The adoption of an EU regulation on imported deforestation on 6 December 2022 is a historic step but still has shortcomings that could undermine its effectiveness in countering deforestation and its impacts on climate and biodiversity.
France encouraged the adoption of a European regulation on imported deforestation to avoid European consumption fuelling deforestation in third countries. It was indeed urgent for the EU to adopt such an instrument: between 1990 and 2008, the EU imported and consumed 36% of the crops and livestock products associated with deforestation traded internationally. At the heart of the problem is the consumption of crops such as soy and palm oil and their processed products, as well as the consumption of meat
This regulation for deforestation-free products and supply chains is based on due diligence obligations imposed on economic actors. However, the robustness of the instrument remains to be tested. Especially since the Council’s negotiators have significantly reduced the scope of the text that came out of the European Parliament, particularly with regard to the list of regulated products and the list of protected ecosystems.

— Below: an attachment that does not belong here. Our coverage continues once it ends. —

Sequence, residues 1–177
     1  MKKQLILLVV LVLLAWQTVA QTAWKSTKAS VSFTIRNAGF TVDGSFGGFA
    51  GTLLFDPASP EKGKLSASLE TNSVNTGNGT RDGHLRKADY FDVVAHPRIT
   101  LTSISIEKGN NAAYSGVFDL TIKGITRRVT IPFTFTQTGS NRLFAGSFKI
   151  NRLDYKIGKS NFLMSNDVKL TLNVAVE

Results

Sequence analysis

Only rubber, printed paper, charcoal and products derived from palm oil were added to the initial list (composed of palm oil, soya, cocoa, coffee, beef and wood). And the regulation finally covers only forests.
Thus, several provisions fundamental to the effective scope of the instrument are postponed to later discussions under review clauses:
- Maize or biodiesel are not included. These two products are subject to a review clause in two years.
- The addition of other woodlands is also subject to a review clause (in one year). Almost 60% of European imports at risk of deforestation are soybeans, mainly grown in savannahs such as Cerrado, not covered by the text.
- The inclusion of the financial sector will also only be considered in two years time.
This is why the implementation of this text is not yet an effective shield against all forms of imported deforestation. In the negotiations with the Mercosur countries, for example, additional provisions should be added in the form of mirror clauses as part of the tariff conditionality of the draft trade agreement. Negotiations prior to the ratification of the agreement should also include a commitment from Mercosur countries not initiate proceedings before the WTO against this European regulation.